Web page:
Crocheted Gun and Baby Blanket

I’ve been thinking about crocheting the gun since I found it in the kitchen draw when we moved into the house.

For obvious reasons, today was the right day to do it.

And my hands wanted something to do.  Sometimes, when I don’t have the words, my hands seem to know how to work things out on their own.  Today, they craved the healing nature of the repetitive motion of crocheting.

Knitting became popular after 9/11 for a reason.

I started unraveling doilies and afghans then crocheting them around objects about  twenty years ago when I was in art school.  So unraveling the baby blanket and crocheting it around the gun seemed the natural thing to do.

The baby blanket was the first thing I saw when I walked into the Goodwill this morning.  As if it was waiting for me.  It’s even better than the full-sized afghan that I was looking for, because it “says” children.

Like an afghan, It  speaks of the person who made it and it’s purpose.  Someone made this baby blanket to bring warmth and comfort to a child.  It’s a loving thing.

So when I unravel it and crochet it around the gun, something that is potentially dangerous,  it renders the empty gun useless.  Softening its edges and encasing it in the fiber of the baby blanket as well as its meaning.

The gun is transformed from a weapon to a symbol.

I didn’t think of the yarn connecting the gun to the blanket as umbilical until Jon mentioned it.  I think of the kink in the unraveled yarn as holding the memory of its life as a blanket.  It’s the moment between the blanket and the gun.

But I see in this piece, it is an umbilical cord.  Giving new life to the gun, but also speaking to the idea of gun control as a way of saving life.

I think I’ll make post cards from the piece.  I know some  members of our government I’d like to send it to.

The  pellet gun and blanket before I started unraveling and crocheting.
Crocheting the gun

Jon wrote about this piece also and posted a video of me crocheting the gun on his blog.  You can see it here.



18 thoughts on “Crocheted Gun and Baby Blanket

  1. Where our words falter to explain our heart
    art creates the statement for us in abundance.

    Well done. Please do make postcards, I’d would love to buy some if you go that route.

  2. I respectfully submit a different point of view on gun control. Guns are outlawed in the city of Chicago. Chicago has one of the highest murder rates in the world. Criminals and unbalanced people will be able to obtain guns no matter what words are written on pieces of paper by politicians and lawmakers. You cannot regulate evil and crazy.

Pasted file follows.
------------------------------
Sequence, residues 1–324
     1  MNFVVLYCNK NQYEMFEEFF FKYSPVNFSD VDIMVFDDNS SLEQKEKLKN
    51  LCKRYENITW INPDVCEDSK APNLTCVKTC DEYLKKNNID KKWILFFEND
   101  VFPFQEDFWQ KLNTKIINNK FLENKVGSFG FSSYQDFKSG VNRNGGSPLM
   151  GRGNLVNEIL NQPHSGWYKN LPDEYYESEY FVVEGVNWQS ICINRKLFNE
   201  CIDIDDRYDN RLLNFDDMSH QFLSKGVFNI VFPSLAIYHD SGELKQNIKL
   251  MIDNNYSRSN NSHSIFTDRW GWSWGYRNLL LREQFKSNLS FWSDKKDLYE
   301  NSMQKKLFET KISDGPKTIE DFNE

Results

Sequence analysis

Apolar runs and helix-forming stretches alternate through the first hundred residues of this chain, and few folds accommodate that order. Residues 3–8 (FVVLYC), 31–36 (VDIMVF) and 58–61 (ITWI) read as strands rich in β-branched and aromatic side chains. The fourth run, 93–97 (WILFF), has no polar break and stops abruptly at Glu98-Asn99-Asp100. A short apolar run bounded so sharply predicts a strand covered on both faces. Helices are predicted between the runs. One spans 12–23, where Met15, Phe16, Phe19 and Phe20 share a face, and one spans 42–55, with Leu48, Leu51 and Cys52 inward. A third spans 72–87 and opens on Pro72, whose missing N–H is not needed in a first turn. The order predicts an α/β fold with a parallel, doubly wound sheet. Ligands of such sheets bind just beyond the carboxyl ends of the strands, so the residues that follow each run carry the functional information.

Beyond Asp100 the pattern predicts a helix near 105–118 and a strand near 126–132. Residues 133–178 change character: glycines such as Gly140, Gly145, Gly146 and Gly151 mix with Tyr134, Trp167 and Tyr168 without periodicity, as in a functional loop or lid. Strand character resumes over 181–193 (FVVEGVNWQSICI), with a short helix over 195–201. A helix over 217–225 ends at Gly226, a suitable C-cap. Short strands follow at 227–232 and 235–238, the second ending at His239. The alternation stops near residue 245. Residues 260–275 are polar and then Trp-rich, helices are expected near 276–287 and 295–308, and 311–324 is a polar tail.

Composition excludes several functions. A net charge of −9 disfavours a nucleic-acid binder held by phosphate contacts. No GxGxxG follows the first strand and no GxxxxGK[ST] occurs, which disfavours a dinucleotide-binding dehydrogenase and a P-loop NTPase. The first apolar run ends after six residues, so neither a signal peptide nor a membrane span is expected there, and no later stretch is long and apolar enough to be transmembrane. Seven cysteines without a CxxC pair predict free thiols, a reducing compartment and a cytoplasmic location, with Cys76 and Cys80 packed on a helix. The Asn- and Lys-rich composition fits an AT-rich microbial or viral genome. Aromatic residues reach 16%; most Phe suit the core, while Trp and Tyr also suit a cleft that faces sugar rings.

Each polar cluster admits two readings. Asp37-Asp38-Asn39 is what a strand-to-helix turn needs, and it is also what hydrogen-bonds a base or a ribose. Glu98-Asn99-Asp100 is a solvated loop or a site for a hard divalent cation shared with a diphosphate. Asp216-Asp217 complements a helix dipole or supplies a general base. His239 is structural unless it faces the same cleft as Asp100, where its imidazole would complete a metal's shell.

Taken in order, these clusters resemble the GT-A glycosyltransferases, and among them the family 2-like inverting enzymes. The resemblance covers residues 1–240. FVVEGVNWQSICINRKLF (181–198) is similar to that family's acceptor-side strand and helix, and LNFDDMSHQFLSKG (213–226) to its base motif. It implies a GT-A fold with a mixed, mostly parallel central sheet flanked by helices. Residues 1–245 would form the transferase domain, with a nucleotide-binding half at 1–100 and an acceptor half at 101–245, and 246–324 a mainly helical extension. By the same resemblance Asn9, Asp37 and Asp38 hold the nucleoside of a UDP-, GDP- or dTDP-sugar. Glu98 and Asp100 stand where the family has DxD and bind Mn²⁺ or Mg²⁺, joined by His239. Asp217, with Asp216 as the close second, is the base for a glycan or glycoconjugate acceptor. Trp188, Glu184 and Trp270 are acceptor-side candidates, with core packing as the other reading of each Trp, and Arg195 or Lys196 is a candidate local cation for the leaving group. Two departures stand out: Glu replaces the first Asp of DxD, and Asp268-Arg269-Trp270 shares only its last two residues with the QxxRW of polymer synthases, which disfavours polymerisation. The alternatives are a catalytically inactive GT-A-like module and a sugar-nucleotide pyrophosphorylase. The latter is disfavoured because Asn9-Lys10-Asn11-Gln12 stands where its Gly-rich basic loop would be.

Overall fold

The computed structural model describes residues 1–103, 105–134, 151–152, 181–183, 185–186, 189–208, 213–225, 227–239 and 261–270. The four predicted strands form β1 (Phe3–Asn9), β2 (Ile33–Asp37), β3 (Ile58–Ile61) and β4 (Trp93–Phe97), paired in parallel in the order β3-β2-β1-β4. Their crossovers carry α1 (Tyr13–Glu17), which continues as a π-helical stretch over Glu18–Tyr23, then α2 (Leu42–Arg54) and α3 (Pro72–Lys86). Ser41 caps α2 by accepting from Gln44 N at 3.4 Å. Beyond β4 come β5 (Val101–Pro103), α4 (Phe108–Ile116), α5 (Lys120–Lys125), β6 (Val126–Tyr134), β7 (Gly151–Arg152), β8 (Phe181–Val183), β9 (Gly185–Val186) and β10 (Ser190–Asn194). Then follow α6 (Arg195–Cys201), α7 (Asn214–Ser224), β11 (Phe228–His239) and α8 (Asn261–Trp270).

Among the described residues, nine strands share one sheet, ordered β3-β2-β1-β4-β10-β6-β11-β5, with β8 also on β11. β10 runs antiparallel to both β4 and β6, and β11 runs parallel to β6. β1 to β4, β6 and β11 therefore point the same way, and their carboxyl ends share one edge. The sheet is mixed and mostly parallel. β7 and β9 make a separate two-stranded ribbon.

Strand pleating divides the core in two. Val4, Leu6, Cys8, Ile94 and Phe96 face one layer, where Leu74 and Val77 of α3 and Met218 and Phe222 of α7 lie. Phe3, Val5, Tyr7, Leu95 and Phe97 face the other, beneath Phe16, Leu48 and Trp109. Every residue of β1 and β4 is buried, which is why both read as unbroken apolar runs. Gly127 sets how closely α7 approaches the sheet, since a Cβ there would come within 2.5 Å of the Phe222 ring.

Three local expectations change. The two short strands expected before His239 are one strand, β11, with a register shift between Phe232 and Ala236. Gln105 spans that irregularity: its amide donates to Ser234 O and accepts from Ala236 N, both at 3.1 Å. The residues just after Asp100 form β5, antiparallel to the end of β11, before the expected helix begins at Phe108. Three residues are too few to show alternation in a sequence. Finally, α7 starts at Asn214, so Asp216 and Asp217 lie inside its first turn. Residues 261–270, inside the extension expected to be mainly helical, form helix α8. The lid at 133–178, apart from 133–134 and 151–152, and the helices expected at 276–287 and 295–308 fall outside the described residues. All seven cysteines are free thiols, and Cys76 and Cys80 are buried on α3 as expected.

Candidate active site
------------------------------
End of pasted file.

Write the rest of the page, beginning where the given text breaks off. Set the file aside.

1. Thank for your comment Janet. I believe there are many things that need to be done to stop the kind of shootings that are happening in our country and Gun Control is a big part of it. What I would like to hear the politicians say is that they are going to do whatever it takes, regardless of politics and money to stop this from happening.

  3. Maria this resonates with me, such a profound visual message. Your description of the process behind it and your thought process are wonderful. I’m kind of overwhelmed. It also explains why I can’t stop knitting lately. Thanks for sharing your brilliance. Ditto on the postcards, super idea.

  4. Maria, The gun an blanket took away my breath when I first saw it. Extremely powerful. I must say that when I first saw it, I took the yarn from gun to blanket to signify the path of a bullet. However one sees it it is thus far the most powerful representation of the craziness going on currently, especially with the “babies” who are leading the movement.

    You are letting your light shine these days, but now I also hear your horn blow.


    1. I like your take about who is leading the movement and the connection to the piece. I hadn’t thought of that when I made it. That’s the thing about art, it can evolve and have meaning in it I wasn’t aware of. I just knew it was something I had to make. I wasn’t conscious of all there is to it.

  5. Powerful image. I believe in strict gun control laws and the banning of semi-automatic weapons. The NRA has been too powerful and it’s time we took back our power from them.

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